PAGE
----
A sudden gust of wind caught the door and almost ripped it from the driver’s hand. The little bell sounded off again. The driver grabbed a flashlight from the bus and they moved single-file across the parking lot to the thick row of bushes. Derek couldn’t speak for the girl or the driver, but a sick feeling bubbled up from deep inside him and for a moment he wondered if maybe the guy inside the diner wasn’t right. Maybe they were crazy. But whatever his hesitations might have been, Derek pushed forward, pulling his scarf tighter around his throat and shielding his eyes from the blinding snow.
 
 The three of them moved stealthily through the snow-covered parking lot, through the bushes and into the far woods. The terrain dropped down then rose steadily up again to a crest. The snow was deep at the very bottom of the gulley. The girl stepped down and quickly sank up to her waist. Derek watched her struggling for a second, then offered her a hand and pulled her free. She smiled in thanks. Derek found himself wondering what her name was. Maybe, if they all survived this, he would ask her.
 
No one spoke, but all three felt a shared and urgent sense of responsibility as well as a biting curiosity that was strong enough to propel them from the diner and into the night. Better to seek out the visitors and see what they wanted. At least that’s what rolled through Derek Beaumont’s mind as he pushed through the snow powdered pine branches towards the unknown. The stand of pines ended abruptly, and the hill rolled down again. Before them stretched the giant pond the cook mentioned earlier. The alien craft had skidded, then vanished beneath the water.
 
The pond was frozen solid except for a massive hole melted into the centre. It was the point of entry for something huge and very hot. Steam rose from the pond and the surface quivered and bubbled from the heat of the ship’s rockets.
 
“That ship crashed into the pond,” the driver whispered. “Incredible! I wonder if the pilots are dead?”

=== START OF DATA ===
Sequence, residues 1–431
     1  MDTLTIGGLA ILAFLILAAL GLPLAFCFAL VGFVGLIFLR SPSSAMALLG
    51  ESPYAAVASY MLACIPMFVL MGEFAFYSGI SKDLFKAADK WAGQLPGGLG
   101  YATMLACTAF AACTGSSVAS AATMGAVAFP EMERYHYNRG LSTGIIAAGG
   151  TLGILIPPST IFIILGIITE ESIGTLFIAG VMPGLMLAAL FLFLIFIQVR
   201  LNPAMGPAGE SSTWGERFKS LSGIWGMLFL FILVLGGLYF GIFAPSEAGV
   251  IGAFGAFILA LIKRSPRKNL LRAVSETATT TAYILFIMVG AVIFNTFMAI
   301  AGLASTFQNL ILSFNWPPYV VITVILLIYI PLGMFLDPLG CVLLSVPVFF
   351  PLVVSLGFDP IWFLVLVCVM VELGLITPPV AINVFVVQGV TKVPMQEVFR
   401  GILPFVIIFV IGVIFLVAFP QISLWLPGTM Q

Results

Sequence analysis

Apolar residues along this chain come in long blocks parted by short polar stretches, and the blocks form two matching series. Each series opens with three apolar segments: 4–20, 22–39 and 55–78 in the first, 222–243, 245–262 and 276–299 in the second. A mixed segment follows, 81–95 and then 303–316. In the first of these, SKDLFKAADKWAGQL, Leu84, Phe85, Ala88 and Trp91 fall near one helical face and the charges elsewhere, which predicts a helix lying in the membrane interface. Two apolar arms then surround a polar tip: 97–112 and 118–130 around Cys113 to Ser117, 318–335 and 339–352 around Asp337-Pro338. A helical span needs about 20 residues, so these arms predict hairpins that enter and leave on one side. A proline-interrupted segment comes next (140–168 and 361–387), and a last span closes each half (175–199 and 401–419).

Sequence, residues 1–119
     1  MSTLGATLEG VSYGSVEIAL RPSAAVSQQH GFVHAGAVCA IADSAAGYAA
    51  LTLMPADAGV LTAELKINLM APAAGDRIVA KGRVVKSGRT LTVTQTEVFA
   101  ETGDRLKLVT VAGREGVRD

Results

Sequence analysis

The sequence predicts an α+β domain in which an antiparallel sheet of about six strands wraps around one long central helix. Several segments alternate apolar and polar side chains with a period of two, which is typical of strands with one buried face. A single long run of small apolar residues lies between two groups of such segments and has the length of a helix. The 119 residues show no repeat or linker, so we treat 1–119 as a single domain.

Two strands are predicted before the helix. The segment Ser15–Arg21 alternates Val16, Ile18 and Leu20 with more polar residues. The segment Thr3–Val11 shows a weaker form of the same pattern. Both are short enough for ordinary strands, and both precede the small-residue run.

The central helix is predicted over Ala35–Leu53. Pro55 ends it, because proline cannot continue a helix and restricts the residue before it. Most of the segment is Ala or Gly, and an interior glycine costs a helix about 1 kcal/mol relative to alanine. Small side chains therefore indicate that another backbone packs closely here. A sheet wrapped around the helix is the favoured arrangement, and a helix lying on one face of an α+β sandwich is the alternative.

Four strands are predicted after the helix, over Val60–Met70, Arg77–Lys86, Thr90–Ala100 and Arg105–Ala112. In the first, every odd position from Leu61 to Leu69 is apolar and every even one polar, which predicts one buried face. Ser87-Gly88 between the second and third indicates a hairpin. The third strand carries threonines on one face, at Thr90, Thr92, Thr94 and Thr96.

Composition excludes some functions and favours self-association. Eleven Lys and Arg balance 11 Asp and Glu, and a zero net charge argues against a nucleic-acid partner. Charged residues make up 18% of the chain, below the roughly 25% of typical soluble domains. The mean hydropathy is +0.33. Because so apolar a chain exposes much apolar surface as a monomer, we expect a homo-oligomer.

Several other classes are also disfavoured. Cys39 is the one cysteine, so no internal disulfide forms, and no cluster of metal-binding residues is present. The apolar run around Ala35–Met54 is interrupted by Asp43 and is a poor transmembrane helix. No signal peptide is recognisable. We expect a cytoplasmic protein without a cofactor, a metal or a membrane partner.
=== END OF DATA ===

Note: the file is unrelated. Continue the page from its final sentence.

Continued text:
Derek shrugged. “I don’t know. Should we try to rescue them?”
 
“Look at the ice. The water in the centre of that pond is scalding hot,” the girl said. “I don’t think it’s possible until the ship cools. And by then it will probably be too late.”
 
“I think we should go back to the diner,” the driver said.
 
The girl was about to respond when she stopped and pointed at the ground on the far side of the pond. “Look!”
 
The driver pointed the flashlight in the direction of the ship. A trail of footprints in the snow led from the pond, up the bank and vanished into the trees on the far side. Beside it was another trail of prints. “Whatever is in that ship survived the crash and escaped into the trees.”
 
Derek moved closer and examined the prints. “They look like some kind of animal.”
 
The bus driver moved beside him. “Let me see. You know…this is really odd. These look like…wolf prints!”
 
The girl leaned in. “Wolf prints? Coming from the pond…from that ship?”
 
“I would know wolf prints anywhere. I grew up hunting in the Canadian woods. These are definitely wolf prints…I saw ‘em a million times in the snow as a kid. These are big damned wolves…bigger than usual. And you know what else?” The driver scratched his chin and chose his words carefully before he spoke again. “Whatever made those prints was walking on two legs!”
 
Derek and the girl shot the driver an uneasy look. None of this made any sense. A real honest-to-God U.F.O had just crashed in the woods, piloted by wolves and they had walked away from the accident on two legs seemingly without a scratch.